The High Court of Jammu and Kashmir and Ladakh has invalidated the detention of Kashmir-based journalist Sajad Ahmad Dar, known by the pen name Sajad Gul, criticizing the authorities' tendency to detain government critics under the guise of preventive detention. Dar had been held under the Jammu and Kashmir Public Safety Act since January 16, 2022, based on allegations that his tweets and statements promoted enmity and posed a threat to public order and the state's security.
In its judgment, the High Court strongly condemned the authorities for detaining individuals solely for being government critics, deeming it an abuse of preventive detention laws. The court found the allegations against Dar to be vague and general, lacking specific instances to support the detention. Consequently, the High Court ordered Dar's immediate release.
The division bench, consisting of Chief Justice N. Kotiswar Singh and Justice MA Chowdhary, highlighted that the grounds for detention failed to mention any false reporting or the absence of factual basis in Dar's journalism. The court noted that Dar, a journalism master's degree holder, was fulfilling his professional duty by reporting on events in his area, including those involving security forces. The bench emphasized the absence of specific allegations regarding how Dar's activities could be deemed prejudicial to the state's security.
The court explicitly stated that being a government critic is not a valid reason for detention, asserting that true news reports cannot be considered provocative against the government. The detaining authority's claim that Dar's negative criticism of government policies incited people against the government was deemed insufficient grounds for detention.
Moreover, the bench identified procedural violations in Dar's case. Relevant materials, such as a dossier, FIRs, statements of witnesses, and other documents, were not provided to Dar, impeding his ability to make a proper representation against his detention. The court emphasized that withholding the entire record of three FIRs used to justify preventive detention violated constitutional rights under Article 22(5) of the Constitution.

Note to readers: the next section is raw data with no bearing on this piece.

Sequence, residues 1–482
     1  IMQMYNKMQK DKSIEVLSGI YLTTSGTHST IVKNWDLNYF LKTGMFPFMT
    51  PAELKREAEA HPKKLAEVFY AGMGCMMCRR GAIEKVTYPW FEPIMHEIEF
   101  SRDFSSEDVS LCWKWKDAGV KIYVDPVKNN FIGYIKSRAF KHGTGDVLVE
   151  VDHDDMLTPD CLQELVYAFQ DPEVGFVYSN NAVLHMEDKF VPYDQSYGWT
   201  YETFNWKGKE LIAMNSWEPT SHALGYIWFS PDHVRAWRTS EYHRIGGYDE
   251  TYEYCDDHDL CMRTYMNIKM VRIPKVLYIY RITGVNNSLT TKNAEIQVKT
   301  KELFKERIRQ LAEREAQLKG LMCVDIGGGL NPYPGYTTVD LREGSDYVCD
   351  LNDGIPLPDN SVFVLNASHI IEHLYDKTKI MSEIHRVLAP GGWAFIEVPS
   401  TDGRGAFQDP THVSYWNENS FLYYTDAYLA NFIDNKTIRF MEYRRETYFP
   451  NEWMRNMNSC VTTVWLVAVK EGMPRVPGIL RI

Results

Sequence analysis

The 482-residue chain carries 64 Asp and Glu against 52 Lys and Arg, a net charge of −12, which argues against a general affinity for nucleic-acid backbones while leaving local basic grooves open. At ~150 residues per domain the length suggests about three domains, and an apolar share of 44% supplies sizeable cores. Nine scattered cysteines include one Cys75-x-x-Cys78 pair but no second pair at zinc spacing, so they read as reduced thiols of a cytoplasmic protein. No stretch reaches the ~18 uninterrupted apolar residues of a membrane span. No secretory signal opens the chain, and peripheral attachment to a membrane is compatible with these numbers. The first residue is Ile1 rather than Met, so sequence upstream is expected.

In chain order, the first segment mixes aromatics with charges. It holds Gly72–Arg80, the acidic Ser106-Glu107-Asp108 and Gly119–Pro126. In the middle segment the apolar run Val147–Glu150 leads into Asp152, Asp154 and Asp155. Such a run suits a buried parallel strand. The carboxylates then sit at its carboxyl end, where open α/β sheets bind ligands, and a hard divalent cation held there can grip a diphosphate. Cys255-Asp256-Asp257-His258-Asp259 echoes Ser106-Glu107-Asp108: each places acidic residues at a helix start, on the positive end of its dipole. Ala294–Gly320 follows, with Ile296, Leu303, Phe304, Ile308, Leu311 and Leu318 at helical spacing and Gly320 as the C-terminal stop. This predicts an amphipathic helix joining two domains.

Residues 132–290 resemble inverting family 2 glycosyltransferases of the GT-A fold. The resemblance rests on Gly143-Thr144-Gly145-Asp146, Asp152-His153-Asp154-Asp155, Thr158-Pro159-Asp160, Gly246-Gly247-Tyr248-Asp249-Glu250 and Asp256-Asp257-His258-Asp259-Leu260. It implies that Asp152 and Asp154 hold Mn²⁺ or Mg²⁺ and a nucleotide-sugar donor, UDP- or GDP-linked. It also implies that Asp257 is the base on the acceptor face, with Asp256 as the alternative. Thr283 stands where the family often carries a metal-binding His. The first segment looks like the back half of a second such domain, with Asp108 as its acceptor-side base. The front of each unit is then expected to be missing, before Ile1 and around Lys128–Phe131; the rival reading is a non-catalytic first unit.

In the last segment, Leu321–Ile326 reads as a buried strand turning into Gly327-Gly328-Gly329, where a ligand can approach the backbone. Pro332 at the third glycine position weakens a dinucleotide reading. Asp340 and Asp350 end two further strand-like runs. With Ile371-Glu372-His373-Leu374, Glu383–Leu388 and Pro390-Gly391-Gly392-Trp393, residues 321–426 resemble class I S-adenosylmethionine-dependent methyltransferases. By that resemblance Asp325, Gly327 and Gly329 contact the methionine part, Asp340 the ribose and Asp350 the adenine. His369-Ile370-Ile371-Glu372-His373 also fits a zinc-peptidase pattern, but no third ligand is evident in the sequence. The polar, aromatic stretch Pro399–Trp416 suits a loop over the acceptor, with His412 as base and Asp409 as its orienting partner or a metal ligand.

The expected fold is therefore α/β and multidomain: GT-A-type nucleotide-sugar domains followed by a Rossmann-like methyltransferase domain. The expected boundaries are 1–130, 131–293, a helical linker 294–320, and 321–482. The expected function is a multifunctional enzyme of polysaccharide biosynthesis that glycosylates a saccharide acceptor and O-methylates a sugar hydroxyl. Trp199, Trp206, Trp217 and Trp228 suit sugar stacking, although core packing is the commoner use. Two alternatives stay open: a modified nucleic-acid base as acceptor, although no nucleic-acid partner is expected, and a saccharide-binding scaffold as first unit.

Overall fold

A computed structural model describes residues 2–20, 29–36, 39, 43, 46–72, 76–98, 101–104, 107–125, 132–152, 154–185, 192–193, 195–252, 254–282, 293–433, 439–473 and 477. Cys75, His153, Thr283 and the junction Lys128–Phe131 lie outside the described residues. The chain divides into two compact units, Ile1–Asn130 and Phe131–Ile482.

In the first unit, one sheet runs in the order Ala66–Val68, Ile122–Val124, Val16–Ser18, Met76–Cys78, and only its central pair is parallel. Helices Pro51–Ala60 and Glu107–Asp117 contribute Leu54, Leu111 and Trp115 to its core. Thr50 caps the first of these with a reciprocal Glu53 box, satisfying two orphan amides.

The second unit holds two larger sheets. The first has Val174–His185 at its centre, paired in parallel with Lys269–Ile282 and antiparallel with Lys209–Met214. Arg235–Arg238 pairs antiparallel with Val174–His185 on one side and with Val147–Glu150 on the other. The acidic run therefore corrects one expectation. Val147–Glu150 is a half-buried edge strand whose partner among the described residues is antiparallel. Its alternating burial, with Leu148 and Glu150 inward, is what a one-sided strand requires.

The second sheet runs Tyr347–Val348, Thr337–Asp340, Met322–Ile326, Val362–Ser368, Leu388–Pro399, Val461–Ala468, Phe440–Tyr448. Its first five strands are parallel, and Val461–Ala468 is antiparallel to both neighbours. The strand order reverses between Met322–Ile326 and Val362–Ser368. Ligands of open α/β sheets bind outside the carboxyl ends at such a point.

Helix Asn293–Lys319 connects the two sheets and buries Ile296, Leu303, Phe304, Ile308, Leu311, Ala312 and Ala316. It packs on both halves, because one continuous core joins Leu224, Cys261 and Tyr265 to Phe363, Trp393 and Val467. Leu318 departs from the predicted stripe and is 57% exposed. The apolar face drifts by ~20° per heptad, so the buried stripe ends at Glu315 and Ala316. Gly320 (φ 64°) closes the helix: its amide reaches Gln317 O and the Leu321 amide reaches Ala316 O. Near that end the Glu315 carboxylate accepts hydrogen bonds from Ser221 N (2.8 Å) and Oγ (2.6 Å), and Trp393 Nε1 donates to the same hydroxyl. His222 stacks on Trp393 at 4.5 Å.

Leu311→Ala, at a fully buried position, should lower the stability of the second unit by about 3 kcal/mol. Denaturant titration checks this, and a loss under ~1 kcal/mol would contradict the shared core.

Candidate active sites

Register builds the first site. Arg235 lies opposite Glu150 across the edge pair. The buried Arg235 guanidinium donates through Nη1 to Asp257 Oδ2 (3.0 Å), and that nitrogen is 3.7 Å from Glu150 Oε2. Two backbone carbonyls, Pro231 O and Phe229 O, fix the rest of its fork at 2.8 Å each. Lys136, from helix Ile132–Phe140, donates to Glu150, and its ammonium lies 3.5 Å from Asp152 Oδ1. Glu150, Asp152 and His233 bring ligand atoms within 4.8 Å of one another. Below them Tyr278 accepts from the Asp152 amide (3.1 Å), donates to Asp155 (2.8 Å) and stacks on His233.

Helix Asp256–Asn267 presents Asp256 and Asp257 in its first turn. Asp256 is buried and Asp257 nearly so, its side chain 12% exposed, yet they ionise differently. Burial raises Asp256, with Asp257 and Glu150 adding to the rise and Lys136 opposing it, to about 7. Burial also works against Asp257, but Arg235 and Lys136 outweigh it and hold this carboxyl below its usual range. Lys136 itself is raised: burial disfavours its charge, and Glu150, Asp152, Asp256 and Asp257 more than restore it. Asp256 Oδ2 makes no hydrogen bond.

The police dossier had accused Dar, described as "well educated," of using social media to provoke people against the government. It alleged that he obstructed a Revenue Department encroachment drive in his village, spread false narratives about a security forces encounter, and uploaded a video highlighting "anti-national slogans" after another security forces operation.
The High Court determined that the grounds for detention were vague, and the detaining authority had failed to consider Dar's bail grant in one of the cases. The court deemed the detention order unsustainable, emphasizing that the detaining authority had not applied its mind before curtailing Dar's liberty, a right protected under Article 21 of the Indian Constitution.
In conclusion, the High Court's decision to quash Sajad Ahmad Dar's detention underscored the importance of upholding constitutional rights, particularly the right to liberty and freedom of the press. The judgment criticized the abuse of preventive detention laws and highlighted the need for specific and valid grounds for detaining individuals, especially when they are government critics.
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